Gehringer told another story about Fothergill and owner Frank Navin. Navin was constantly riding Fothergill about his weight problem. When Fothergill came to Navin's office in the winter to negotiate his contract, he wore a big, heavy overcoat to conceal the weight he had put on in the offseason. Navin figured out what Fothergill was up to and turned the heat way up in his office. Navin then sat back and engaged Fothergill in a long, drawn-out conversation about his family, hunting, and anything but the contract. As sweat poured off Fothergill, Navin suggested that he take off the coat, but Fothergill insisted he was comfortable. When the conversation finally got around to the contract, Fothergill wanted to get out of Navin's hot office so badly that he accepted Navin's first offer. Donald Honig, "Baseball When the Grass Was Real: Baseball from the Twenties to the Forties..." (Nebraska Press 1993), pp. 43–44)[11]

    Gehringer also once said of Fothergill: "He was about as round as he was tall."[9]

    Fothergill once got into a beer drinking contest with Babe Ruth and teammate Harry Heilmann and won handily.[5]

    Later years

    After leaving baseball, Fothergill played sandlot baseball in Detroit and worked for the Ford Motor Company in Highland Park, Michigan. He was hired as the coach of the baseball team at Lawrence Institute of Technology in January 1938, but he suffered two strokes and died in March.[9][12][13] Fothergill was 40 years old when he died at St. Joseph's Mercy Hospital in Detroit.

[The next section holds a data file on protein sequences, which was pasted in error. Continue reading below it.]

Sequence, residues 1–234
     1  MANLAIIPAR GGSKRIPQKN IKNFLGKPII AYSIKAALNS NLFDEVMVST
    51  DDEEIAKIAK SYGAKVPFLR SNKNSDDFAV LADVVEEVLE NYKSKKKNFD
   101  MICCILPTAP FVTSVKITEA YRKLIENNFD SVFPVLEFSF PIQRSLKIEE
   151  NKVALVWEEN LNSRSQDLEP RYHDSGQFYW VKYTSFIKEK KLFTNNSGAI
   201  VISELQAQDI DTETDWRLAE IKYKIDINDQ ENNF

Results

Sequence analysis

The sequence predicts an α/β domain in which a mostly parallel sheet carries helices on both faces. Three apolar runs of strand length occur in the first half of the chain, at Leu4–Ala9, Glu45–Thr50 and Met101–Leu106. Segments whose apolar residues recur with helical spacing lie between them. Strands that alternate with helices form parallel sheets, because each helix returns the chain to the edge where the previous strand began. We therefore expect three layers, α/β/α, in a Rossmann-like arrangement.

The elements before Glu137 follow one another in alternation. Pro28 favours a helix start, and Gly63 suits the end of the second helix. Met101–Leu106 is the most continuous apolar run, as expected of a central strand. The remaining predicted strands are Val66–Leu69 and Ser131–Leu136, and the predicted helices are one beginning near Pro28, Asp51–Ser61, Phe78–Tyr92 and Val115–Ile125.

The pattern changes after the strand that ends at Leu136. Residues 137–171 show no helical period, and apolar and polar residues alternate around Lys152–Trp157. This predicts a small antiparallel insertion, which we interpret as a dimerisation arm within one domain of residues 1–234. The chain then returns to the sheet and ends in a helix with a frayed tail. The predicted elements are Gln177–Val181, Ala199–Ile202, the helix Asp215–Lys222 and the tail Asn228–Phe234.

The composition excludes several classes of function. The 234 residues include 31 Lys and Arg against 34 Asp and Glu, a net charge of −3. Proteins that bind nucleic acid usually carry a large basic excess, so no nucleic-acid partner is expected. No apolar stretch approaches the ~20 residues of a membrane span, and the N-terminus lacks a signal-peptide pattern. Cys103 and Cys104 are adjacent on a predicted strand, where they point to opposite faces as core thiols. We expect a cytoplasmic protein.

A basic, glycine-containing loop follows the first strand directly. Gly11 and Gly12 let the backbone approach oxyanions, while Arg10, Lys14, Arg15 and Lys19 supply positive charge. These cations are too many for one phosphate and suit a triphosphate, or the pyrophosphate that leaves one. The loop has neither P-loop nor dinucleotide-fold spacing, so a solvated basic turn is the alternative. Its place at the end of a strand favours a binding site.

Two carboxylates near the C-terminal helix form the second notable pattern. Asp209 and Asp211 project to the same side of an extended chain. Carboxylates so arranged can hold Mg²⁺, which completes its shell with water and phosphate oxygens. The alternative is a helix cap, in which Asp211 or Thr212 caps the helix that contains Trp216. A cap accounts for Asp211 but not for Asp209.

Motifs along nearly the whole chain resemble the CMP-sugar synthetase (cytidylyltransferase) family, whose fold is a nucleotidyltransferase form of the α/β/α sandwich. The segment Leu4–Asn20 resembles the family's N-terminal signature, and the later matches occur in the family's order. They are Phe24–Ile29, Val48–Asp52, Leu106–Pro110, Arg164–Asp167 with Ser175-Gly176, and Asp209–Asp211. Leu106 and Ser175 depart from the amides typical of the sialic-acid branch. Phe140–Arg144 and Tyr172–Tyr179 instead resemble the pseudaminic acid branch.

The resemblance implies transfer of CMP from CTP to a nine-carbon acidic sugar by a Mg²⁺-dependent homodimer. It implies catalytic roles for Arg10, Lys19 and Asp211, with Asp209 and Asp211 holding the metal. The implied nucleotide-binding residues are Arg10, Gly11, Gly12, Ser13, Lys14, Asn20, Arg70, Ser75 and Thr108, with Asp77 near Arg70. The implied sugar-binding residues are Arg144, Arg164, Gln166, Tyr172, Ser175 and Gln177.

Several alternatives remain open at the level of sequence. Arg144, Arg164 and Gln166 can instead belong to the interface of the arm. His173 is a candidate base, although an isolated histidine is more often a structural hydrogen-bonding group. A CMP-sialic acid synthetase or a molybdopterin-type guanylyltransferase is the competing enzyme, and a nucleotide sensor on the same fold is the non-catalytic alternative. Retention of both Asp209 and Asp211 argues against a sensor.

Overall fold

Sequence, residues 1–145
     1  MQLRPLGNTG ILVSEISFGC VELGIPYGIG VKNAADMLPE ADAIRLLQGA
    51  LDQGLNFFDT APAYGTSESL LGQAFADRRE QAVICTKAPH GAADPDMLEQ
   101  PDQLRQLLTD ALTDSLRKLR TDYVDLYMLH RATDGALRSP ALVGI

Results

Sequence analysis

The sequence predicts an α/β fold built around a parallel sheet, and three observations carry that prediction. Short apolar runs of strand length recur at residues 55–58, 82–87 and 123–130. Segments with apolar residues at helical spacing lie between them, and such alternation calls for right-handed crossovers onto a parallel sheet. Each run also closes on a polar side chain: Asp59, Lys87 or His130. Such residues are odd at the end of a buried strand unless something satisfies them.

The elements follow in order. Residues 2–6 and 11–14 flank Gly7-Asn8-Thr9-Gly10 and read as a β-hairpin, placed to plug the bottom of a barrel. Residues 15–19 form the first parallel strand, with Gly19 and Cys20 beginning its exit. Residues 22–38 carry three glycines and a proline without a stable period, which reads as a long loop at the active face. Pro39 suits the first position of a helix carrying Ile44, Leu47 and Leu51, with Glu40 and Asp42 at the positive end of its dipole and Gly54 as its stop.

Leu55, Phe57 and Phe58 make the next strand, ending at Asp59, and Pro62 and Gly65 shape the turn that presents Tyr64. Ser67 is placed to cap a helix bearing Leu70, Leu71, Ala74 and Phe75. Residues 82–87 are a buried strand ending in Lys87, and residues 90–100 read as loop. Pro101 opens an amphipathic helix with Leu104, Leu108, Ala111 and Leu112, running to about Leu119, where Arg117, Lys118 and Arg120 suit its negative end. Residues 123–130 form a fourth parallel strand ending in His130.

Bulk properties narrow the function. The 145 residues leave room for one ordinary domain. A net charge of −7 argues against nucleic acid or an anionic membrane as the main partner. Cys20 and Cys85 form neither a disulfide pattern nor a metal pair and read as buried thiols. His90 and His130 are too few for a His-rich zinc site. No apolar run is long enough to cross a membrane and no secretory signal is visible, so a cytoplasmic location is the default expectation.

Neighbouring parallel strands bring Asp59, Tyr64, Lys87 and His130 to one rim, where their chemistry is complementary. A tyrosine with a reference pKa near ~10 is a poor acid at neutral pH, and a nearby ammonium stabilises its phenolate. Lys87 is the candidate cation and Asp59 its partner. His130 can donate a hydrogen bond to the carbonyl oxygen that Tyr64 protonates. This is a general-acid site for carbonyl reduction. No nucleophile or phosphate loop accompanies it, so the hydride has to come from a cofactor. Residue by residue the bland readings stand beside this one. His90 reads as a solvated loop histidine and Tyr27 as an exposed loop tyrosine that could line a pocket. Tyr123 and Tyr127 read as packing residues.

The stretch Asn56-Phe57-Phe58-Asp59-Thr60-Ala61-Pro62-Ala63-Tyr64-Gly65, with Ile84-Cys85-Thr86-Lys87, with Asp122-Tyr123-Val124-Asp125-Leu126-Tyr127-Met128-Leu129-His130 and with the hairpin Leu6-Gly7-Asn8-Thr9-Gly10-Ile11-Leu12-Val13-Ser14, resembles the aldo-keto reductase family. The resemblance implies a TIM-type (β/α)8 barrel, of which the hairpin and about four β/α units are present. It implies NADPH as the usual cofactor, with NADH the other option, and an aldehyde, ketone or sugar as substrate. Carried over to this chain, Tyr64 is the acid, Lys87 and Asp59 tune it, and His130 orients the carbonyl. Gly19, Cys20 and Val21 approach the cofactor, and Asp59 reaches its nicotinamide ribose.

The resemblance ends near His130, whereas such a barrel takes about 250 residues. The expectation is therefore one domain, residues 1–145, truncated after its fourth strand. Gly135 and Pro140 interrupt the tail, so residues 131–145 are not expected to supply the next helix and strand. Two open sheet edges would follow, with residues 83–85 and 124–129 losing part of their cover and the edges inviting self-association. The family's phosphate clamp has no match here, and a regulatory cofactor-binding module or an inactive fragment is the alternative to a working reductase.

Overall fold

1. ^ David L. Porter (2000). Biographical Dictionary of American Sports. Greenwood Publishing Group. ISBN 0-313-31174-9. 
    2. ^ Bob Fothergill | The Baseball Page at
    3. ^ Cobb Would Have Caught It / Richard Bak | at
    4. ^ John Thorn, James Stevenson (1997). The Complete Armchair Book of Baseball. Sterling Publishing Company, Inc. ISBN 1-57866-004-1. 
    6. ^ Jim Hawkins, Dan Ewald, George Van Dusen (2003). The Detroit Tigers Encyclopedia. Sports Publishing LLC. ISBN 1-58261-222-6. 
    7. ^ The Ballplayers - Bob Fothergill | at
    8. ^ Jim Prime, Bill Nowlin (2003). More Tales from the Red Sox Dugout. Sports Publishing LLC. ISBN 1-58261-635-3. 
    10. ^ Cobb Would Have Caught It / Richard Bak | at
    11. ^ Donald Honig (1993). Baseball When the Grass Was Real. U of Nebraska Press. ISBN 0-8032-7267-7. 
    12. ^ :: BOB FOTHERGILL'S OBIT at
    13. ^[dead link] FATS FOTHERGILL][dead link] at

    See also

    External links